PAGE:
In about 1657 Doman, a Goring-haiqua Khoisan, was sent to Batavia to learn to become an interpreter. But having witnessed first hand the capacity of the Dutch to reduce indigenous people to positions of servitude, he became a staunch opponent of European colonisation.
To ensure his safe return to the Cape, he told Commissioner Joan Cunaeus of his wish to become a Christian and of the fact that he had become so devoted to the Dutch that he doubted whether he could live with his fellow Khoisan again. This was a ploy and almost as soon as he landed, he emerged as the staunchest Khoikhoi critic of Van Riebeeck's policies. When Van Riebeeck seized several Khoisan leaders as hostages in 1658, Doman was the lone protester (the Khoisan chiefs themselves welcomed imÂprisonment as an opportunity to enjoy Dutch hospitality).
He was particularly scathing in his criticism of Eva (Herry's niece, a Khoisan girl adopted by the Dutch), tauntingly calling out whenever she passed by: 'See, there comes the advocate of the Dutch; she will tell her people some stories and lies and will finally betray them all.' Whenever Eva tried to pass on information to the Dutch, Doman tried to stop her. When the Dutch planned trips info the hinterland, he tried to stop them. Fromhis hut near the fort, he tried to intercept all inland visitors.
Unfortunately for Doman, his earlier attempts to make Khoisan trade with the Dutch the exclusive preserve of the Peninsular groups left him dangerously short of allies. Thus his attempts to persuade local chief Gogosoa to attack the Dutch was bluntly refused. Without the help of the inÂland Cochoqua, the old chief replied, an attack on the fort was doomed to fail. Doman, however, was able to persuade some of the younger leaders to join him in what he regarded as a war of liberation.
On a cold and drizzling day on 19 May 1659 a series of raids started on the free burghers' herds. Doman had waited for rainy weather, knowing that the Dutch matchlock muskets could not be fired in the rain with damp powder.
The First Khoikhoi-Dutch War followed, it lasted almost a year and resulted in only a few deaths. Initiative lay chiefly with the Khoisan, who attacked, often in groups of several hundred. Instructed by Doman, who had witnessed Dutch military tactics in Java, they darted about erratically to frustrate Dutch marksmen. Commander Van Riebeeck responded with defensive tactics, withdrawing the free burghers to the fort, temporarily arming the slaves (an extraordinarily risky measure), and building a strong kraal to protect the colony's remaining livestock.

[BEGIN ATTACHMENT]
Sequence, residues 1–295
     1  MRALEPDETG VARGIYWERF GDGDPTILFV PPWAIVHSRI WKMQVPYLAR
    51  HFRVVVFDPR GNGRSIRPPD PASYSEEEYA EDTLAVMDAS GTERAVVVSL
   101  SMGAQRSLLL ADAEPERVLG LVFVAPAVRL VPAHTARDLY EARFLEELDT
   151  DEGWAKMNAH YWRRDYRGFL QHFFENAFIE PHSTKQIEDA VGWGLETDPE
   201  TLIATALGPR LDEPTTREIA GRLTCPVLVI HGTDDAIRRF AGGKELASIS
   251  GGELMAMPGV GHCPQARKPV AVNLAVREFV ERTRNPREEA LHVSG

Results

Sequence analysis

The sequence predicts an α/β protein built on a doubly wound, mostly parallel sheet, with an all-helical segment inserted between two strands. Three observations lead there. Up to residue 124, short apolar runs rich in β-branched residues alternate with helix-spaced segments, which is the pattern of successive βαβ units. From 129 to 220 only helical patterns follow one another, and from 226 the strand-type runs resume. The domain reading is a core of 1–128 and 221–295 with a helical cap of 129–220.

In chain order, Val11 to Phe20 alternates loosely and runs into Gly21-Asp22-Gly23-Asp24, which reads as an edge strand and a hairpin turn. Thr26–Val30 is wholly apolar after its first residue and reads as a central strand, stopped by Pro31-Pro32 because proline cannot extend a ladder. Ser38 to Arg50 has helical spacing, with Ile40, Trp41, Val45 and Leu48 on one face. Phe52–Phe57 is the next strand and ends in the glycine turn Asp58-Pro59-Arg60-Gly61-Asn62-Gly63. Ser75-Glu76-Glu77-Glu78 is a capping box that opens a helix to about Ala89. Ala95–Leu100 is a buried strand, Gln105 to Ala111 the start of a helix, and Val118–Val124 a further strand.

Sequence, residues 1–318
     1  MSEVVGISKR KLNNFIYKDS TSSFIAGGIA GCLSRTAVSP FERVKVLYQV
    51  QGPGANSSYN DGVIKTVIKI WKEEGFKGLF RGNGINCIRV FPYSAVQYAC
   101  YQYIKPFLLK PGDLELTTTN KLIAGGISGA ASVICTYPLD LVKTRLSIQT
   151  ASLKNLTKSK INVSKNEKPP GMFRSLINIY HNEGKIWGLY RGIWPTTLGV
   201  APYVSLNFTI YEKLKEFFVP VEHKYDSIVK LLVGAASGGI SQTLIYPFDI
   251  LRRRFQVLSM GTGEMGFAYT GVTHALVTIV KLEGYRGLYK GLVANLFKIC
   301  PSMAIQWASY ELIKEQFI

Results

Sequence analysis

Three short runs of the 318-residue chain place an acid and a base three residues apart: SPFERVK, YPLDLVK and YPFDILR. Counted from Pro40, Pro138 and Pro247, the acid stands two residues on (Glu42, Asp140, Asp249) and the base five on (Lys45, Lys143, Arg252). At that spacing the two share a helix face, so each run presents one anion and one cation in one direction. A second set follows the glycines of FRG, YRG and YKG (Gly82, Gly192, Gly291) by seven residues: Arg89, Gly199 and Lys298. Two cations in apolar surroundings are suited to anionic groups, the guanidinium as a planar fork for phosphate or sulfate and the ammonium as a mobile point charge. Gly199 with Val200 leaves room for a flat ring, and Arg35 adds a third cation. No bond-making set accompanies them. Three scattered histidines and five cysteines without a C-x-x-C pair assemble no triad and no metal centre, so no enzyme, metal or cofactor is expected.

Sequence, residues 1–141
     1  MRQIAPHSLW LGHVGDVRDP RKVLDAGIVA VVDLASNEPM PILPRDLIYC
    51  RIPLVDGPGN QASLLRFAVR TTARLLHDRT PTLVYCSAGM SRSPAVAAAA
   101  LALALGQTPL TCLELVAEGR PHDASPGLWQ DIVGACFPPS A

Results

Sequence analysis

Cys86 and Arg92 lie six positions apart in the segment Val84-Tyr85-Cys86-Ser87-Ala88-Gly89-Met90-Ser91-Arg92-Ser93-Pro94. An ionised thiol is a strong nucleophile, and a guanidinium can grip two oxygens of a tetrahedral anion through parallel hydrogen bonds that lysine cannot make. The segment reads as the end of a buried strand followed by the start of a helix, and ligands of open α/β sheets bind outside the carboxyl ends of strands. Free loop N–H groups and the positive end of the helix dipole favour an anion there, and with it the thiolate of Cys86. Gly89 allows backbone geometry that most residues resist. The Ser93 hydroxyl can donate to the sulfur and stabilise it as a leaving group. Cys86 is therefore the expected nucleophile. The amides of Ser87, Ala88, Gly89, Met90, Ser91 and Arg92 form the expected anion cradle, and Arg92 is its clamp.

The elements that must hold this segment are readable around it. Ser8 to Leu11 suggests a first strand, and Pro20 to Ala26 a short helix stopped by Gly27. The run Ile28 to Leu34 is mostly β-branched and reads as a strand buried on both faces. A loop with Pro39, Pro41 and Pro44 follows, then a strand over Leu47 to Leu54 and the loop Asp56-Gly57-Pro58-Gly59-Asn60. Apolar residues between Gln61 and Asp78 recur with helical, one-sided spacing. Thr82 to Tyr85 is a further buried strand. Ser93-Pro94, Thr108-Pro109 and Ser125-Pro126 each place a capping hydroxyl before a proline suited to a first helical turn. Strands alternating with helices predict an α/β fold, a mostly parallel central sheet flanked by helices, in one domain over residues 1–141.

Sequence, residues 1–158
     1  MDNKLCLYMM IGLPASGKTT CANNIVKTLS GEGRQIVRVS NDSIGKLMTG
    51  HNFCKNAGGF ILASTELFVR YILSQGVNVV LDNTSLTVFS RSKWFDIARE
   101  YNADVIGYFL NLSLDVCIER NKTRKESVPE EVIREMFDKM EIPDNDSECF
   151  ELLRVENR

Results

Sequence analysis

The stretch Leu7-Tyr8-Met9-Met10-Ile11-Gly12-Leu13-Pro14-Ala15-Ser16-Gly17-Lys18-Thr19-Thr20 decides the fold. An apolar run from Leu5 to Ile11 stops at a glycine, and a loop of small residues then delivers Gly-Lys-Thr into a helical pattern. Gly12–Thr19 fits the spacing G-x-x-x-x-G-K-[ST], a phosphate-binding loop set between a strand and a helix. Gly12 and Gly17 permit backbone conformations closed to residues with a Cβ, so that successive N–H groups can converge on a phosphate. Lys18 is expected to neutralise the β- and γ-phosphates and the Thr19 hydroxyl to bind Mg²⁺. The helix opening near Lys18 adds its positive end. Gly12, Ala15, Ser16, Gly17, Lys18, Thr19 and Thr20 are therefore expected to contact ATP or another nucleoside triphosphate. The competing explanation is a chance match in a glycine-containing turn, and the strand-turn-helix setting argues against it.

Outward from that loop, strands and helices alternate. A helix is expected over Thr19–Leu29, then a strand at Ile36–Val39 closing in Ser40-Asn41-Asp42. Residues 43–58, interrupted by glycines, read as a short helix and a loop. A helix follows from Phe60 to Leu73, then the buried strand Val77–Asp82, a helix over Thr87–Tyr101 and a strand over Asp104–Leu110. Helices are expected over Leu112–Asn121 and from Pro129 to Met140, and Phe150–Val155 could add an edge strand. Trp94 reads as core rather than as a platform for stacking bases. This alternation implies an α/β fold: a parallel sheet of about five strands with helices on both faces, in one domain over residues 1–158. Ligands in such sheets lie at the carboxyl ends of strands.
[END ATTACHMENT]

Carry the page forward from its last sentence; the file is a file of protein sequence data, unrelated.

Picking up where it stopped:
Lacking firearms and unwilling to storm the central fort, the Khoikhoi eventually signaled their willingness to parley. A peace was negotiated; the war had ended in stalemate. The Khoisan returned no livestock seized in the war and paid no reparations. Yet they did accept the continued European occupation of the Cape peninsula, a threat to their perseverance as an independent people.
The Dutch erected fortified posts and planted almond hedges (some of which still survive) to prevent cattle being driven off again. Khoisan were obliged to use specified routes and paths, and to enter the settlement only at certain guarded gaps in the hedge. Horses which arrived from Batavia gave the colonists the mobility they had lacked in the war, and expeditions from the fort became longer and more frequent. As trading contacts were established with more Khoikhoi groups, the setÂtlement gradually became independent of the Peninsular Khoisan, whose wealth and importance waned rapidly.
The failure of the Khoisan to drive out the Dutch shattered Doman's position as a leader, and he was tolerated only because his people needed him as an interpreter. When he died in December 1663, the Company diarist recorded: 'For [his] death none of us will have cause to grieve, as he has been, in many respects, a mischievous and malicious man towards the Company'.